National Pharmacy Association chief executive Mark Lyonette has written to NHS England & Improvement chief Simon Stevens urging him to give community pharmacies a share of the £3 billion in new funding for the NHS announced today (Wednesday November 25) in chancelor Rishi Sunak's spending review.
In his letter, Mr Lyonette warned the community pharmacy network is at risk of “falling over” without funding to cover the costs it has incurred during the Covid-19 pandemic.
He also said many pharmacies “will be unable to survive” if “current pharmacy funding arrangements continue unchanged,” leading to reduced health services in local communities and further pressure on the NHS.
As part of the spending review, £1 billion will go towards addressing backlogs caused by delayed operations, scans and checks, £1.5 billion will reduce existing pressures in the NHS and £500 million will improve mental health services.
“We were delighted to hear that the chancellor will announce a further £3 billion funding for the NHS in the spending review this week. We very much hope that some of this extra funding will be used to prevent the community pharmacy network falling over and help us keep the doors open for vital NHS care,” Mr Lyonette said.
A report by Ernst and Young earlier this year, commissioned by the NPA, revealed the income of three-quarters of family-owned pharmacies in England will fall by over £40,000 a year by 2024, with community pharmacy facing a £500 million funding gap.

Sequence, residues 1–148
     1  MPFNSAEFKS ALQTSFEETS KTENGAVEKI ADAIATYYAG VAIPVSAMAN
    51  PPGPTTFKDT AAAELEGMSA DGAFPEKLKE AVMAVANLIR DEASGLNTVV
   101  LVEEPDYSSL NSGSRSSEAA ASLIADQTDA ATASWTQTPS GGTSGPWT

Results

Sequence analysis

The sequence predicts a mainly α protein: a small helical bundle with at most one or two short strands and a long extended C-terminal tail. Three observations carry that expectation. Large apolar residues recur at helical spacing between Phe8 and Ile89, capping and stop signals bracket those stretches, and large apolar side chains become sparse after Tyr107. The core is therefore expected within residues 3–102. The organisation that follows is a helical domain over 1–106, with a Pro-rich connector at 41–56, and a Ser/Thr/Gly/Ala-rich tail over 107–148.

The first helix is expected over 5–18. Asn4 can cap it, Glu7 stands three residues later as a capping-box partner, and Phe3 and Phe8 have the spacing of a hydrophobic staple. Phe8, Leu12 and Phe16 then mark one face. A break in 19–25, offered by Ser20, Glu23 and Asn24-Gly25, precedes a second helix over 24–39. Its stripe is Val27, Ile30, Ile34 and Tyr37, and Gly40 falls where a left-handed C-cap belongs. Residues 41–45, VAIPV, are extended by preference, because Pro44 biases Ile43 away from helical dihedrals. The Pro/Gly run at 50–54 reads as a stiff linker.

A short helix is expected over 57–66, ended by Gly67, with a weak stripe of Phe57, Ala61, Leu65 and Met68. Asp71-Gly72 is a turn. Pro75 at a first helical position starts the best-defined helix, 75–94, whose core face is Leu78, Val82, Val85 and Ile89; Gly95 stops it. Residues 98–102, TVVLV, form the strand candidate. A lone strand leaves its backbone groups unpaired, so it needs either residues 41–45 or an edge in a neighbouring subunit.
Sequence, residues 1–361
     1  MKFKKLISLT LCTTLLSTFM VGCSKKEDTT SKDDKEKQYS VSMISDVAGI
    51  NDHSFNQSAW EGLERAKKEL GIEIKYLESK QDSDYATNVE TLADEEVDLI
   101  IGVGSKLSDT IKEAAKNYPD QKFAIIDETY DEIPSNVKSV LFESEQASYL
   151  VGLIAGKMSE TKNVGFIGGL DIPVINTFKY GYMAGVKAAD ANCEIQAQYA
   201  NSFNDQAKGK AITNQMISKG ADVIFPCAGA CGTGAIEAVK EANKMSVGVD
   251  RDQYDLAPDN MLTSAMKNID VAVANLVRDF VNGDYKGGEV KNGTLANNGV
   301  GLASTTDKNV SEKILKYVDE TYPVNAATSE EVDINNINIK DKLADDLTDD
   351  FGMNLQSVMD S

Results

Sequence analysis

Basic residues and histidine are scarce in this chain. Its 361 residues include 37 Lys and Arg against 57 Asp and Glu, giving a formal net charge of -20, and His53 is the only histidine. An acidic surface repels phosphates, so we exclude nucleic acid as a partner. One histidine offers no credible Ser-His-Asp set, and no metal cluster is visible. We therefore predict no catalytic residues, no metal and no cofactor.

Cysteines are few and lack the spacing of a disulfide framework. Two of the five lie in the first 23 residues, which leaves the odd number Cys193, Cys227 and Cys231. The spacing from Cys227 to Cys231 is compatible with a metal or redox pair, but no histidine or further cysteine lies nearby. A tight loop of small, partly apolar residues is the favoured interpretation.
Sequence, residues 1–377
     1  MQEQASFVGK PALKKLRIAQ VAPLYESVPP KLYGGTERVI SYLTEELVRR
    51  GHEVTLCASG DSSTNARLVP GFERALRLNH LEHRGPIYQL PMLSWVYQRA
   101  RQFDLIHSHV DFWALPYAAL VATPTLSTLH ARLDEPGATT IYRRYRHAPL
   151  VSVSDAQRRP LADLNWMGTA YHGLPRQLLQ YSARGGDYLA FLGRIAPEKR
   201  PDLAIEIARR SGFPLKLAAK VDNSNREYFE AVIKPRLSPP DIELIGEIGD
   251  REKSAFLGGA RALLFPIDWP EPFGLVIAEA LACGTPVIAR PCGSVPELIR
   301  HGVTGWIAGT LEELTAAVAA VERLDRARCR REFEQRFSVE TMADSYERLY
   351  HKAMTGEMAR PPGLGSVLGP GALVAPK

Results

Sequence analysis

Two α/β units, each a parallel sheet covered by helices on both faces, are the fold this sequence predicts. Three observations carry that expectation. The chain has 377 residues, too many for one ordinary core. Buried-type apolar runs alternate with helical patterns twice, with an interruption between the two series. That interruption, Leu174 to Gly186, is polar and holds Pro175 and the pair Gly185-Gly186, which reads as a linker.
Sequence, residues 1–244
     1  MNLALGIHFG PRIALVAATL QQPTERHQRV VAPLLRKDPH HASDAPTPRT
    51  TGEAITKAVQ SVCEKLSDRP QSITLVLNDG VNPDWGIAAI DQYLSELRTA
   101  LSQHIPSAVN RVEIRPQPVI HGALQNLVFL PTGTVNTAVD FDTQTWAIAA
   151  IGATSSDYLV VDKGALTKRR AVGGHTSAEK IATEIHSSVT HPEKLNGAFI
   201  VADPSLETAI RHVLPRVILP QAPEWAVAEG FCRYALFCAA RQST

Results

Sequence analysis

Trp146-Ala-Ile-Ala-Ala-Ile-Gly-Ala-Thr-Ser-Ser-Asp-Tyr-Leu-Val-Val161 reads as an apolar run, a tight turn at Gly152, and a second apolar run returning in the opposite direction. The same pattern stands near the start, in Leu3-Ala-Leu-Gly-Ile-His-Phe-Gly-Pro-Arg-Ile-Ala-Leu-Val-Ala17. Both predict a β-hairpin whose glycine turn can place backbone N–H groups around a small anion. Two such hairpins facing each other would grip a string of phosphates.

“Funding has been dropping in real terms for four years and is set to carry on this path for a further four years under current arrangements,” the NPA said.
Responding to the chancellor's spending review, Royal Pharmaceutical Society England board chair Claire Anderson said she hoped the chancellor's funding commitment "translates to investment in pharmacy teams working on the ground".
"We wrote to the chancellor earlier this year, calling on the Government to recognise the vital contribution of pharmacists on the frontline of Covid019.
"They must be included in future pay rises for health and care staff."
Leyla Hannbeck, CEO of the Association of Independent Pharmacy Multiples, commented: “Last year 405 community pharmacies were forced to closed their doors unable to sustain overheads or purchasing obligations. The current community pharnacy funding is inadequate and an increasing number of pharmacies closing means millions of patients will be denied the access to local healthcare.
"Dispensing has risen 4.3 per cent in the past five years and not only have we delivered record breaking flu vaccinations this year; only last week it was announced that the age for government funded flu vaccinations been lowered to 50 year olds and the sectors is also looking forward to playing a key role in the delivery of the Covid vaccination.
"We are proud to support the local community, but we need investment in the sector now more than ever to avoid further closures and to reach our potential.”